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John H. Armwood Jazz History Lecture Nashville's Cheekwood Arts Center 1989
Saturday, February 19, 2011
Cover of TutuCelebrating Miles Davis - 02/19/2011 | MiamiHerald.com
By the time of his death in 1991, trumpeter Miles Davis had lived several jazz lives.
Throughout a career spanning 50 years, Davis showed an acute sense for shifting musical paradigms and an uncanny ability to both absorb and transcend the musical trends of the day. Time and again, he reinvented himself as needed, and as he did, he also changed the sound of jazz.
Two sides of Davis’ music — one acoustic, featuring classic songs from albums such as Kind of Blue, the other electric, centering on Tutu, the most memorable studio recording of his late period — are the subject of Celebrating Miles, a concert featuring trumpeter (and Davis’ protégé) Wallace Roney, bassist-producer Marcus Miller, up-and-coming trumpeter Christian Scott and bassist Ron Carter, among others. The show, part of the Adrienne Arsht Center for the Performing Art’s Jazz Roots series, takes place at the Knight Concert Hall at 8 p.m. Friday.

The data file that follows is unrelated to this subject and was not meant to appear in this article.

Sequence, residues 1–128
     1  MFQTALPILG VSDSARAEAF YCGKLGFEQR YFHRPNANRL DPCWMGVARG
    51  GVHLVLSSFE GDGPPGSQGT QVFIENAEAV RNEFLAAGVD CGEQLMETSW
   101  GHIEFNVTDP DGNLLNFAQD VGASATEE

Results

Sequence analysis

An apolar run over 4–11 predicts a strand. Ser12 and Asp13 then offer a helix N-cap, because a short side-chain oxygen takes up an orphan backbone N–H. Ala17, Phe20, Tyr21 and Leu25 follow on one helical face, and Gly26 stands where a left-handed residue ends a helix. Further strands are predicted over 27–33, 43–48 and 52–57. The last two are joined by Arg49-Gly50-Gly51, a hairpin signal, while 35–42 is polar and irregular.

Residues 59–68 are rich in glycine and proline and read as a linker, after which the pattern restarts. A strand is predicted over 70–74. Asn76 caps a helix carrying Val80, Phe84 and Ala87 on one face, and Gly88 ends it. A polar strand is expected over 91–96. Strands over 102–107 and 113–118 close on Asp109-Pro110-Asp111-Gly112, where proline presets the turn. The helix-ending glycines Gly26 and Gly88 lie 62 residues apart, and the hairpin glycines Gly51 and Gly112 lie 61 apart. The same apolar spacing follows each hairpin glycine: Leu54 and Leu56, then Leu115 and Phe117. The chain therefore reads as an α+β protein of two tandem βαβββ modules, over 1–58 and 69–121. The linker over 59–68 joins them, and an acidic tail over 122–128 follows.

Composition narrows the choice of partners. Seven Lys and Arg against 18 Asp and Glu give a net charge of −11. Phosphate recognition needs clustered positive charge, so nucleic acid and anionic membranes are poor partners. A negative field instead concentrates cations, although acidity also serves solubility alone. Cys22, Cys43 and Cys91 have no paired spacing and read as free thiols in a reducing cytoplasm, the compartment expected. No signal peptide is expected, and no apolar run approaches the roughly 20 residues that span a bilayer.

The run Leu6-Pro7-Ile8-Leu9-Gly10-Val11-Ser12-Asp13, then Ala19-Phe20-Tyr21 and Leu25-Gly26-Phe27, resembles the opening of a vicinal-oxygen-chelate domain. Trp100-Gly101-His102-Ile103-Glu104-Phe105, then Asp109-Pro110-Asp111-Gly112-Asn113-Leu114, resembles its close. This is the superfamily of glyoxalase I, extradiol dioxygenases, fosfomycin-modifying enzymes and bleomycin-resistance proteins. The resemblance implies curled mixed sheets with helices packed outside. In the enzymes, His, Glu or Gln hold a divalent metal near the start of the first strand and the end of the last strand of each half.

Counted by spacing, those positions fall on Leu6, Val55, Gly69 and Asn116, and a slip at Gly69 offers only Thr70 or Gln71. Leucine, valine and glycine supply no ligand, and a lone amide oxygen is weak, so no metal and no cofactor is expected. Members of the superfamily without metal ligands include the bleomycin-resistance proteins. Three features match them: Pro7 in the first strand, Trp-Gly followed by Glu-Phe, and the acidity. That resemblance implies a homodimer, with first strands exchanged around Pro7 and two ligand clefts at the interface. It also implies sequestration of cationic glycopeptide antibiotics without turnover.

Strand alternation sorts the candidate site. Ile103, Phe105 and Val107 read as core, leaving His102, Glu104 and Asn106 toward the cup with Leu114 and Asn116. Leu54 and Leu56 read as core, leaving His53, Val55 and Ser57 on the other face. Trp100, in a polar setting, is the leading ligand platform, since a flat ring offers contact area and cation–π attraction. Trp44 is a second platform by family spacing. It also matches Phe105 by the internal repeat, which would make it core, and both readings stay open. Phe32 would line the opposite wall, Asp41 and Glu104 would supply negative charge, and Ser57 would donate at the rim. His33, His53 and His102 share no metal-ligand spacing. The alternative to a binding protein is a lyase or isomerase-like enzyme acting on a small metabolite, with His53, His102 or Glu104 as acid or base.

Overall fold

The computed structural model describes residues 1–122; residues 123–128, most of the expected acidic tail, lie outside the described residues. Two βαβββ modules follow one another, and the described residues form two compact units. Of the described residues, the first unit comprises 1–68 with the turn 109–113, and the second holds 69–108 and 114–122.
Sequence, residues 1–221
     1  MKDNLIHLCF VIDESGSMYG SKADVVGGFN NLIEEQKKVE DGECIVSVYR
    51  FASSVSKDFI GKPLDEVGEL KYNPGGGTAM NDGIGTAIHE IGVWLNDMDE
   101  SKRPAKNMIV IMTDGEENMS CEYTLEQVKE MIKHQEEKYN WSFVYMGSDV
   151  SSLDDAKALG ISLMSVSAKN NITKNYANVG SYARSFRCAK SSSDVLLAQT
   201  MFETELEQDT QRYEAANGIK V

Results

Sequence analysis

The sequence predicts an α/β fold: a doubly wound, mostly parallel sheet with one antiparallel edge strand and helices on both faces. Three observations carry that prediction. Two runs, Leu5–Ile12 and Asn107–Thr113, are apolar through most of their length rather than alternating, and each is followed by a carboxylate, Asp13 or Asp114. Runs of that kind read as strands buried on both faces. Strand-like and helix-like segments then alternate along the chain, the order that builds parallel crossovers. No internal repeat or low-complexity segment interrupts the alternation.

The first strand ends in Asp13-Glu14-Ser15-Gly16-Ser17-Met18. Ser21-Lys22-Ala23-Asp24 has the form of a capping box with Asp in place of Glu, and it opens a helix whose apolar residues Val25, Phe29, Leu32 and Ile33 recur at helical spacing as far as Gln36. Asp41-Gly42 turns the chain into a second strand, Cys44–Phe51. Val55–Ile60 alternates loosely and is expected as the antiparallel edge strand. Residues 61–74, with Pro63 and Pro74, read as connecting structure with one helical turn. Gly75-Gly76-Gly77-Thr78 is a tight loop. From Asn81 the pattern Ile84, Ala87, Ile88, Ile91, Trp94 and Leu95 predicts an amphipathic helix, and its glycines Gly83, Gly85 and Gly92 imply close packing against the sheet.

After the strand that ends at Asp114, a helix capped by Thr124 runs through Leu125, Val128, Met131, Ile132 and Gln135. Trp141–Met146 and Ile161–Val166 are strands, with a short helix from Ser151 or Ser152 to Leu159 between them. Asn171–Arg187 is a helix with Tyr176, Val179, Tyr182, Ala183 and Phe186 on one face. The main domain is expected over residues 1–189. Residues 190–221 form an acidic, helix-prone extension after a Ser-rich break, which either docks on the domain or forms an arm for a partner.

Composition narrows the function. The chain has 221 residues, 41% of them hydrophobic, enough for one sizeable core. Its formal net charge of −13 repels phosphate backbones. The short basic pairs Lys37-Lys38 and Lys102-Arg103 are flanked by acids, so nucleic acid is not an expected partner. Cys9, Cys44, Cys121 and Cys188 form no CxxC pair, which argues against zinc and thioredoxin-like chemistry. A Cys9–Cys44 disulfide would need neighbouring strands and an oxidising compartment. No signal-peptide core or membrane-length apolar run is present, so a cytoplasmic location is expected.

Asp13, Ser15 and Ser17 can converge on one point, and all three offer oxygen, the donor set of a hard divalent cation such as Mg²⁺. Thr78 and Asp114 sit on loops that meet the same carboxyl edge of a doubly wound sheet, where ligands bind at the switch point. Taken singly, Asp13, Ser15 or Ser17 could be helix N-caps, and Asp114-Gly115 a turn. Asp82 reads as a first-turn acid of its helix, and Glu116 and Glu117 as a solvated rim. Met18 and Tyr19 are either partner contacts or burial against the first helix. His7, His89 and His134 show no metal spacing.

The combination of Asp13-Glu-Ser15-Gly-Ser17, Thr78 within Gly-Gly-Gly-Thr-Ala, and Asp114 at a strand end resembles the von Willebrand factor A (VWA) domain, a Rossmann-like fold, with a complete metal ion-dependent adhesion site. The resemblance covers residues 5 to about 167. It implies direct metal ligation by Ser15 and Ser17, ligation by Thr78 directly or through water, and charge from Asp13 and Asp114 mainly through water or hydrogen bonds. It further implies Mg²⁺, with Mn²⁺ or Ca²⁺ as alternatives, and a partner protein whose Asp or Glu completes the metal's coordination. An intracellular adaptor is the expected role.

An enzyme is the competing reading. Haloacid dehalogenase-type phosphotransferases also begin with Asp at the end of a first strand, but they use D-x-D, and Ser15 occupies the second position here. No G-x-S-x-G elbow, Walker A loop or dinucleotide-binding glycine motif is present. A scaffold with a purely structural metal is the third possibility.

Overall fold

“It’s an honor to be part of a tribute to Miles, although I feel I pay tribute to him every time I play the trumpet,” Roney said in a recent phone interview. “I feel my own music is an extension of what he gave to the art form — but I think everybody’s music has been influenced by him.”
Roney’s career includes stints with Art Blakey, Tony Williams and Ornette Coleman, as well as 16 albums as a leader. He also won a Grammy in 1994 as a member of the Miles Davis Tribute Band, featuring Wayne Shorter, Herbie Hancock, Carter and Williams. He will perform in the acoustic half of the concert, leading an exceptional group comprised of Billy Childs on piano, Donald Harrison on alto sax, Javon Jackson on tenor sax, Carter on bass and Al Foster on drums.
Roney’s own music includes distinctly contemporary elements including turntables and down-tempo grooves. But he won’t approach this show like a repertory player performing a role.